WeWork’s bankers are scrambling to complete a new debt financing package as soon as next week to buy time to restructure after the company’s failed initial public offering left it running short of cash at a faster rate than expected.
Two people briefed on the fundraising efforts said the office company’s cash crunch was so acute that it had to raise new financing no later than the end of November. Fitch Ratings downgraded WeWork’s credit rating last week to CCC+, warning that the lossmaking company’s liquidity position was “precarious”.
JPMorgan Chase, the Wall Street bank that had led the office company’s IPO preparations, is leading the financing negotiations and considering a sizeable contribution to the new package, several people familiar with the matter said.
The debt will come at a considerably higher cost to WeWork than it paid for its previous loans, reflecting the abrupt change of fortunes for what was until a few weeks ago one of the world’s most highly valued private companies.
SoftBank, Masayoshi Son’s Japanese telecoms and technology group, had previously agreed to inject $1.5bn into WeWork next April and a further $200m in the second half of next year.
It is now considering amending that agreement to put in the money it had committed at a sharply reduced valuation from the $47bn price tag it placed on WeWork when it last invested in January.
It is also in talks to add new funding that could raise its part of the fundraising package to about $2.5bn and bring its total investment in WeWork to about $11.5bn, people familiar with the discussions said.
They cautioned, however, that negotiations were still fluid and that the talks about new SoftBank funding and other elements of the debt package could still fall apart.
JPMorgan is trying to get other major banks to participate, said people familiar with its efforts to put together the emergency financing package.
Goldman Sachs, one of WeWork’s investors, advisers and customers, had been among a consortium of banks willing to lend $6bn had the IPO succeeded but has so far sat out the new financing discussions out of concern about the level of uncertainty surrounding the company, one person said.
WeWork, SoftBank, JPMorgan and Goldman Sachs declined to comment.
WeWork has been burning through the cash it raised in the private market. The failure of the IPO deprived it of $3bn-$4bn it hoped to raise from issuing new equity and the $6bn loan package its bankers had offered subject to it completing a successful float.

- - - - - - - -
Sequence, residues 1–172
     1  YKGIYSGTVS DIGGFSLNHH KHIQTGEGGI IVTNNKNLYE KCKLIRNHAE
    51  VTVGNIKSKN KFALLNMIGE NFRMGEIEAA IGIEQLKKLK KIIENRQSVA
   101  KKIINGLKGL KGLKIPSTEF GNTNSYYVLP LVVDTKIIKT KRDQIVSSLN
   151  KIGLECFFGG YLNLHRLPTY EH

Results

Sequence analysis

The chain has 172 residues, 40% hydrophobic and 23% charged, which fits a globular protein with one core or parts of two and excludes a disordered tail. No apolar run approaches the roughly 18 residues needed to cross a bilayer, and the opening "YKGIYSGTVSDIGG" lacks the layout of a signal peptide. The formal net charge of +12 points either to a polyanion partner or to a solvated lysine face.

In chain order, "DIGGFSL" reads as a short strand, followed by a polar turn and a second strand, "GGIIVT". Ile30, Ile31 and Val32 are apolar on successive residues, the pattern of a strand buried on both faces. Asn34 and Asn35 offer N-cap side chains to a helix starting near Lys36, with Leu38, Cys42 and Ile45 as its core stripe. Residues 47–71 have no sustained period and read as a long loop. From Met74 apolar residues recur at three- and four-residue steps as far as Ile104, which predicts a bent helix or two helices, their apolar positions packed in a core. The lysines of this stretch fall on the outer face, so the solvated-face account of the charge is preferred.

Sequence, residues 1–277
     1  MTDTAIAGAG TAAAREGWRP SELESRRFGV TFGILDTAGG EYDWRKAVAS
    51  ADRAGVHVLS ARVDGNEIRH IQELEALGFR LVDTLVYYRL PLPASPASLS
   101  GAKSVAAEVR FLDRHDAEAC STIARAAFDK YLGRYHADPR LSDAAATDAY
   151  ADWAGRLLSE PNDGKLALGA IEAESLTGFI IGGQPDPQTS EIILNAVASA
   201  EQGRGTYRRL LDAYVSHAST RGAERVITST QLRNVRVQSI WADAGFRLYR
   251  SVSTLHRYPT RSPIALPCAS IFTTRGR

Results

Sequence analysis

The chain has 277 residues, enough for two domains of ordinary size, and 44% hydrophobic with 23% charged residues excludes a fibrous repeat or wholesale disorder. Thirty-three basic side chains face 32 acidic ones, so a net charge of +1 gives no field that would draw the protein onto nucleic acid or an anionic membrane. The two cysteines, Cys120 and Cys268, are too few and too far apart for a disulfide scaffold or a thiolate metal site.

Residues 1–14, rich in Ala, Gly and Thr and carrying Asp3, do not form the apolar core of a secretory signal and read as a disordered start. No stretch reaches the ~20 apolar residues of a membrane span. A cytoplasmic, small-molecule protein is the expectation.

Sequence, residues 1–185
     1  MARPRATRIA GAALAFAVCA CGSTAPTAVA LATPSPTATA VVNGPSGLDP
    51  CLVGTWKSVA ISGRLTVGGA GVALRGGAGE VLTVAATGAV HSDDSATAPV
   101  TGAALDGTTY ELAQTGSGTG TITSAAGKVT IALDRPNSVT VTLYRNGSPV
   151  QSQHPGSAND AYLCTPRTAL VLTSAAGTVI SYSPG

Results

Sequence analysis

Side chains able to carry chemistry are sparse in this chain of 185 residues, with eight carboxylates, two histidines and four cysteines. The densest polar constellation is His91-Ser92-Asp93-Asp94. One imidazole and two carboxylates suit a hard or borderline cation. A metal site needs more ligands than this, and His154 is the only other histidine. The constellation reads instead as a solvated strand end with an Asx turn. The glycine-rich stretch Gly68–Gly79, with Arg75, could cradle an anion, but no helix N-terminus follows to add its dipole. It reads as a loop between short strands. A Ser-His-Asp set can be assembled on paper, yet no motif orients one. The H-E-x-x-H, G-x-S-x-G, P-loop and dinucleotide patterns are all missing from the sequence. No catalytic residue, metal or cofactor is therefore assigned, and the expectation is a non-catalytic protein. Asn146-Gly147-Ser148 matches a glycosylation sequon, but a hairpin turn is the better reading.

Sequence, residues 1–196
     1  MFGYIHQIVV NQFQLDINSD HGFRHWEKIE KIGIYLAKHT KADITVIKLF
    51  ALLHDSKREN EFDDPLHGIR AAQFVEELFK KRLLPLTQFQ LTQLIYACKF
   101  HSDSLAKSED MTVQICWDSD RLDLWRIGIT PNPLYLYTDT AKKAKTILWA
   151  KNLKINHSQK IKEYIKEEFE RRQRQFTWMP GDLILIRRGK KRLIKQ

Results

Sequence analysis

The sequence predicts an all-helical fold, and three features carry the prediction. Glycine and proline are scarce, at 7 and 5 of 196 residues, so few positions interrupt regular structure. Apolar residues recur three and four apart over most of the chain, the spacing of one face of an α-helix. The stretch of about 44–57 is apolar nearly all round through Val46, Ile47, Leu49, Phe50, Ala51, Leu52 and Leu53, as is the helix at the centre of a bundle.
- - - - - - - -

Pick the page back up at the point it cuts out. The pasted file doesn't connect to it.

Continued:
Institutional investors rejected both the valuation WeWork sought, making clear that no IPO would price it above a $15bn-$20bn range, and the company’s labyrinthine governance arrangements.
Since WeWork pulled the IPO, Adam Neumann, the co-founder who had taken about $700m out of the company before trying to bring it to market, has agreed to cede his position as chief executive and to strip his shares of some of their voting power.
Fitch estimates WeWork’s current funding arrangements might only carry it through another four to eight quarters unless it rapidly reduced the rate at which it has been burning cash.
WeWork’s bonds have tumbled since signs emerged that its IPO was in trouble, and were trading below 82 cents on the dollar on Thursday. The yield on the bonds has leapt from 6.8 per cent to 12.5 per cent since August.
WeWork’s losses have climbed as fast as its revenues: it lost about $1.9bn in 2018 on sales of $1.8bn. Fitch estimated the company had less than $1.5bn in unrestricted cash at the end of the third quarter, and warned that it faced “material restructuring cash charges” as it lays off several thousand of its 12,500 employees.
Co-chairs Artie Minson and Sebastian Gunningham have pushed some of Mr Neumann’s acolytes out of the company and reined in its signing of new leases.
In an interview this week with Nikkei Business magazine, Mr Son did not address WeWork directly but said he was “embarrassed” by his failings. The biggest of them, he said, was when he attempted to compete against NTT in broadband and watched SoftBank’s valuation plunge as the dotcom bubble burst.
“Compared with those days, the small crises that pop up here and there today are mere child’s play,” he said.